In early November, the Chinese People’s Liberation Army (PLA) published photographs of army helicopters taking off from an “air force station” of the Eastern Theater Command during a “trans-regional operation” in late October (China Military Online, November 10). “Air force station” likely refers to the “field station” or combat support unit that services the airbase from which the helicopters took off. The photographs visually substantiate an article from June in which it was reported that all the field stations of an unspecified air defense base of the Eastern Theater Air Force had developed the capability to conduct joint combat support. The report mentioned that the field stations were servicing aircraft of various types from different services, even including a vignette of one field station conducting “combat sustainment” for an army helicopter in addition to servicing fighters and special mission aircraft (PLA Daily, June 16). The field stations’ actual joint combat support capability is likely to be nascent, but it rests on a foundation of greater flexibility that the field stations have achieved over the past decade to operate outside their routines and to service various types of aircraft. That foundation should also make the combat support units of the PLA Air Force (PLAAF) a more resilient force that is better able to support agile aviation units.
Clarifying Bases and Stations
The PLAAF’s air defense bases (空防基地) are commands, not installations. They combine multiple units from different branches of the PLAAF (aviation, radar, air defense, communications) under a single command that regularly trains to deploy and to fight as a combined-arms team. Similarly, field stations (场站) are units, not facilities. They are the highest-level formations providing combat support to an air defense base’s aviation units. Specifically, field stations administer airbases, provide fuel and ordnance, and conduct air traffic control, among other responsibilities. Put simply, field stations enable the PLAAF’s aviation units to fly.
How Field Stations Have Built Combat Support
The report in question was published in PLA Daily, the mouthpiece of the Chinese Communist Party’s Central Military Commission, which is roughly equivalent to the US Department of Defense (PLA Daily, June 16). The article was typically long on vague allusions and short on useful details. In line with PLA Daily’s didactic purpose, the article focused on how the air defense base has approached building its joint combat support capability instead of on the types and degree of joint combat support that its field stations can provide.
The field stations did not take a simple additive approach to expanding the types of aircraft that they can service. The article quoted a staff officer at one field station saying that the expansion of their capabilities required structural reorganization, not merely the “simple combination of models for servicing single types of aircraft.” Therefore, the same field station has established different types of combat support groups, such as a “frontline specialized unit” group, a group to service mixed formations of dissimilar aircraft, and a “maximally streamlined” group (PLA Daily, June 16). One can only speculate that the first and last groups are deployable groups servicing aircraft in combat zones and at austere airstrips, respectively. In the past the PLAAF has experimented with mobile field stations and attempted to “gauge [combat] units’ minimum combat support needs in wartime” (China Brief, September 10, 2021). According to the PLA Daily report, the field stations took a similar approach to the storage of materiel. Rather than storing vast amounts of materiel for every contingency, they have opened “channels for the rapid supply of jet fuel, ordnance, and materiel” with “neighboring airfields” in case of emergencies.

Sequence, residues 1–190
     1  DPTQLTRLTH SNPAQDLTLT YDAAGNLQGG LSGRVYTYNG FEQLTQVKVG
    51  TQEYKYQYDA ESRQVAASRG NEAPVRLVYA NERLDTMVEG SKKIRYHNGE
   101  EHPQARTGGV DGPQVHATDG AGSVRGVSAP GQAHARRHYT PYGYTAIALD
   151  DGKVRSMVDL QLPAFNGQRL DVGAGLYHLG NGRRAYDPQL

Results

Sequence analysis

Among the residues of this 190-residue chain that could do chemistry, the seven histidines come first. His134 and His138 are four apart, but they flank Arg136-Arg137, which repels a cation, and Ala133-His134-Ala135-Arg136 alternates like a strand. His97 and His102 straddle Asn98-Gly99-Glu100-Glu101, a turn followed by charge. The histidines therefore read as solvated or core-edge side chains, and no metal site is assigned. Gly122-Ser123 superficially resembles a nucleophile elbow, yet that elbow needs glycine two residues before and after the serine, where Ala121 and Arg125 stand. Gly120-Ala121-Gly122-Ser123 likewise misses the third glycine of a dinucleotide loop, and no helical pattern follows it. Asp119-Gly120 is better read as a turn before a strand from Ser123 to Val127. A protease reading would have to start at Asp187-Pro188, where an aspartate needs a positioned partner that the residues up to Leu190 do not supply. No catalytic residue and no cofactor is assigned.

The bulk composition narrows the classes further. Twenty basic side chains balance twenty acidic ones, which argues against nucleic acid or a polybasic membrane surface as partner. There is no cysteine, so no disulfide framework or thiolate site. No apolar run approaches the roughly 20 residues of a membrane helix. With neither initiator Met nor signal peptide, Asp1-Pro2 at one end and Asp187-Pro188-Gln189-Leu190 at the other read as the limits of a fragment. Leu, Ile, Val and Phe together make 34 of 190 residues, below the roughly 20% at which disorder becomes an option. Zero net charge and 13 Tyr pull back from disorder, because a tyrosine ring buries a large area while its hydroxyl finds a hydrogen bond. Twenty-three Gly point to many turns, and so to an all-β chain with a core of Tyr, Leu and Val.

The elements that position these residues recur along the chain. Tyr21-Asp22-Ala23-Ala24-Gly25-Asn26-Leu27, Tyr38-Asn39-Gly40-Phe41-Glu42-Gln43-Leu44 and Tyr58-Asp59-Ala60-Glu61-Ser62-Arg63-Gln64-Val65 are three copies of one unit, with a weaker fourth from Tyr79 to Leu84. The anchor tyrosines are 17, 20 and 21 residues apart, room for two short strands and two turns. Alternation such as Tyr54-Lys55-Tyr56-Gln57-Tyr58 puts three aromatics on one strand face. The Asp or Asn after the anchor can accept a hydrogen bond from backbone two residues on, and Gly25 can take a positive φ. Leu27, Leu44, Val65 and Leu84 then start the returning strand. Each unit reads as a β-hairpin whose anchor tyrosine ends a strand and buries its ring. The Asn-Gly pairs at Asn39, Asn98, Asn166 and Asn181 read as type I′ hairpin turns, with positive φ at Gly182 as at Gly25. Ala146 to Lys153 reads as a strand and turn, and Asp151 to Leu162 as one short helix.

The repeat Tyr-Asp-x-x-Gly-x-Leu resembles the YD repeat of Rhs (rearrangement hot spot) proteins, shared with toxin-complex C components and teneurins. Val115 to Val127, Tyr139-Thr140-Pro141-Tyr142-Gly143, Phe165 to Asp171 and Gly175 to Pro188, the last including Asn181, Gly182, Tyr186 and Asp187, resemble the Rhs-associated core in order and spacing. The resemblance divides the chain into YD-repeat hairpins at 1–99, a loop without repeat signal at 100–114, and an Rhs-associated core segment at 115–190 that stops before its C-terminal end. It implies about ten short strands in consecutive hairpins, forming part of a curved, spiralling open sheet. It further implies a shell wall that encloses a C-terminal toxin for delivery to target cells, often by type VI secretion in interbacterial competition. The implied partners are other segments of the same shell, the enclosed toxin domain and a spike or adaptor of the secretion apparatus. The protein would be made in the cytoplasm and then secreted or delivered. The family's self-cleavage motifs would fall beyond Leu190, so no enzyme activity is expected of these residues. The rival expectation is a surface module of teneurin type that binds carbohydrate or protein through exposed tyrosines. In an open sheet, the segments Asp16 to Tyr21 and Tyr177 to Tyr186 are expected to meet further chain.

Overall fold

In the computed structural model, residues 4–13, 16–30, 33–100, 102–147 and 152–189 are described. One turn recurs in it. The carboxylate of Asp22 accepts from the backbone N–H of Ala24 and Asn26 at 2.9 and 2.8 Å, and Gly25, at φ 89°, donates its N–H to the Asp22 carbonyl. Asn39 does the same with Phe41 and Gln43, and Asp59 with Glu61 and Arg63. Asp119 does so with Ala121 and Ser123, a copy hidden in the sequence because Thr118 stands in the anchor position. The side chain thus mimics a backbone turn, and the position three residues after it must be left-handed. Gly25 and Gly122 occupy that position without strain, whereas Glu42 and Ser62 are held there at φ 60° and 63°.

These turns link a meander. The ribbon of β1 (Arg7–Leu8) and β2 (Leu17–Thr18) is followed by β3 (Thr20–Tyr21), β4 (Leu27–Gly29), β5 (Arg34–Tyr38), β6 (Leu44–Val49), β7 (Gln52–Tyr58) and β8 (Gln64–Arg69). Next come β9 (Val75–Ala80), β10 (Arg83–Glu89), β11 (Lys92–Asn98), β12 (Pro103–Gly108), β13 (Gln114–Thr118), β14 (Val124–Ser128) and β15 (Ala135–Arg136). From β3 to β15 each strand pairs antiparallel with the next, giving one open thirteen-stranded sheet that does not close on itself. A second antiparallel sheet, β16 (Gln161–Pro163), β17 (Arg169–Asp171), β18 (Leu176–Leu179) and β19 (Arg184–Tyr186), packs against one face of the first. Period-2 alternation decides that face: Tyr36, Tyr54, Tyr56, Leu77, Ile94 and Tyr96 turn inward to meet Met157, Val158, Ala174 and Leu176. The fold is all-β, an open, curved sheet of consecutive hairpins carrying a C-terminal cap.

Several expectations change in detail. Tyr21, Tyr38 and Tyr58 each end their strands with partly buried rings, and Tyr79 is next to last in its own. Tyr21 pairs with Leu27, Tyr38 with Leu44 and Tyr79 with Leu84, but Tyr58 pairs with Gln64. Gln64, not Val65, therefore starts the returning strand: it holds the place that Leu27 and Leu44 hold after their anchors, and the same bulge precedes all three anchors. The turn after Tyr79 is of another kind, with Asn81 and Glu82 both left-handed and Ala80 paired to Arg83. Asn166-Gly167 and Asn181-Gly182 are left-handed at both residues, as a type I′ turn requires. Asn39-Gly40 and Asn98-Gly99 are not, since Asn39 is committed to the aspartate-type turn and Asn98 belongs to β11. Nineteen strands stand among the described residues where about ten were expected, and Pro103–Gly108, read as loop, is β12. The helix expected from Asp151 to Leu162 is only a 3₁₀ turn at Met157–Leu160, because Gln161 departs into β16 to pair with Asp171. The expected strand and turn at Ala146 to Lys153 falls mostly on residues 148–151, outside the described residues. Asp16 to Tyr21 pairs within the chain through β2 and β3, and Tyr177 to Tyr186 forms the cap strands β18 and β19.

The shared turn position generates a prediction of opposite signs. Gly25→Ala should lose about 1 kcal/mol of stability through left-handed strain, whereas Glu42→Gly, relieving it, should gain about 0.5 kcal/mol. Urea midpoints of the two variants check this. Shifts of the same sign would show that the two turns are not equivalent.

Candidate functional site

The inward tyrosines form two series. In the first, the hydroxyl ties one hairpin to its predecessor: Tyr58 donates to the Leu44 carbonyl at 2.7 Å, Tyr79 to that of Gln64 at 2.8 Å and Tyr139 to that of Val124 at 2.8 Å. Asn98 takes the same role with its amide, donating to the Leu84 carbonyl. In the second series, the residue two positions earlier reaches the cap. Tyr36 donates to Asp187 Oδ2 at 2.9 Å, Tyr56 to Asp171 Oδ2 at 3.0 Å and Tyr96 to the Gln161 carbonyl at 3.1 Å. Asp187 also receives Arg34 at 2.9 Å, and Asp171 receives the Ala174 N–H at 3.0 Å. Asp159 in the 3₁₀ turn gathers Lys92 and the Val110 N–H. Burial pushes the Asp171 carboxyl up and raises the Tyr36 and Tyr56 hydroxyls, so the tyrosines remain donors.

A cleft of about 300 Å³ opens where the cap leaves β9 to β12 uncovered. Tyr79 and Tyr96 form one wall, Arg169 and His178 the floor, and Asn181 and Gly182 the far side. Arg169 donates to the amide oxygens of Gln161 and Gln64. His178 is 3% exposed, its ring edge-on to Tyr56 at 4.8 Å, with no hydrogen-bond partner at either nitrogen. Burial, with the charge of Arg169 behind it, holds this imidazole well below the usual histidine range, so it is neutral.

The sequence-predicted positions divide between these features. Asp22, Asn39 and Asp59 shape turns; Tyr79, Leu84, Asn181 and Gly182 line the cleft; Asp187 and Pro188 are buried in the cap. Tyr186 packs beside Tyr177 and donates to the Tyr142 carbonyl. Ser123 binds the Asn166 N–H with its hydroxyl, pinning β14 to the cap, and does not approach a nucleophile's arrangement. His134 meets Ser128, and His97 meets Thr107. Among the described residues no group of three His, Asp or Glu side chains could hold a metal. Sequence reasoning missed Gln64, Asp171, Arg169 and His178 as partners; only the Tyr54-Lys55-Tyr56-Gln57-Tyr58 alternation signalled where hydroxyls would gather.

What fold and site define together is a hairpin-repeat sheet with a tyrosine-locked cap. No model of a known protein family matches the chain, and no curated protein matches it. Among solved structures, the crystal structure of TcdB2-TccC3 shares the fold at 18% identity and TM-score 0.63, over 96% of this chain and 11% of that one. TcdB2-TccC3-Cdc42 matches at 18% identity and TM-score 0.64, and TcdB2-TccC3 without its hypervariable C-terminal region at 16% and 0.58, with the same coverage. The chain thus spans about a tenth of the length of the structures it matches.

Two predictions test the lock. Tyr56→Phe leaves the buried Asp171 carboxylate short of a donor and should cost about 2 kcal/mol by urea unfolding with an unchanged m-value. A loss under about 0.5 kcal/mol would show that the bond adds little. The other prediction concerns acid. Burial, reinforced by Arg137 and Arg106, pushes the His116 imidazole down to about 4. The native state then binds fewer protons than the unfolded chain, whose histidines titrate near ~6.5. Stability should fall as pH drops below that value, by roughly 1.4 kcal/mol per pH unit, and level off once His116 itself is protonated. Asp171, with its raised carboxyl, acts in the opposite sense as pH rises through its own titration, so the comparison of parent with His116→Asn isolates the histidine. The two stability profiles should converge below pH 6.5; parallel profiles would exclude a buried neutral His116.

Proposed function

It is possible that other services have deployed personnel to assist the field stations with joint combat support. Although the field stations sent their own personnel to other operational units to “understand and grasp the support needs of different types of aircraft under the conditions of different missions,” it is practically impossible to train personnel to maintain all types of aircraft, and their current “joint combat support model” entails “mutually servicing aircraft of the same type and together servicing aircraft of different types,” implying that it is not just PLAAF personnel who are involved (PLA Daily, June 16).
At the end of 2022, units of the Eastern Theater Navy and Air Force practiced the first half of the aforementioned formula, “mutually servicing aircraft of the same type” (National Defense and Military Affairs at Noon, December 13, 2022). Four Su-30MKK fighters of the PLAAF’s 85th Aviation Brigade landed at a PLA Navy airbase at which aircraft of the same type were stationed (National Defense and Military Affairs at Noon, December 13, 2022). The navy field station then “overhauled and inspected,” refueled, rearmed, and launched the air force aircraft (National Defense and Military Affairs at Noon, December 13, 2022). It is telling that this event was rare enough to qualify as newsworthy. Servicing a common type of aircraft is a low bar for jointness, but the specific example of joint combat support that was previously mentioned—an air force field station’s “combat sustainment” of an army helicopter—may not refer to anything more than refueling or rearming. This itself does not set the bar much higher. Therefore, one should be skeptical of the degree of jointness that the field stations of the aforementioned air defense base have achieved in just a few years of effort. However, the field stations would not be clearing these bars if they had not first undergone a transformation that prepared them for the task.